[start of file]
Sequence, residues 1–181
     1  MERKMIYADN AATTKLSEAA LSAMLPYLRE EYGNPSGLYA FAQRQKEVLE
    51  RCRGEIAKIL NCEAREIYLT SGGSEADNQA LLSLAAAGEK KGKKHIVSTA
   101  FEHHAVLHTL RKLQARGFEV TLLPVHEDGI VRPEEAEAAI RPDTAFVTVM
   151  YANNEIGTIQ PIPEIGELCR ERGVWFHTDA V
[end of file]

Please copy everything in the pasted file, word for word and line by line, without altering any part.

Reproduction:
Sequence, residues 1–181
     1  MERKMIYADN AATTKLSEAA LSAMLPYLRE EYGNPSGLYA FAQRQKEVLE
    51  RCRGEIAKIL NCEAREIYLT SGGSEADNQA LLSLAAAGEK KGKKHIVSTA
   101  FEHHAVLHTL RKLQARGFEV TLLPVHEDGI VRPEEAEAAI RPDTAFVTVM
   151  YANNEIGTIQ PIPEIGELCR ERGVWFHTDA V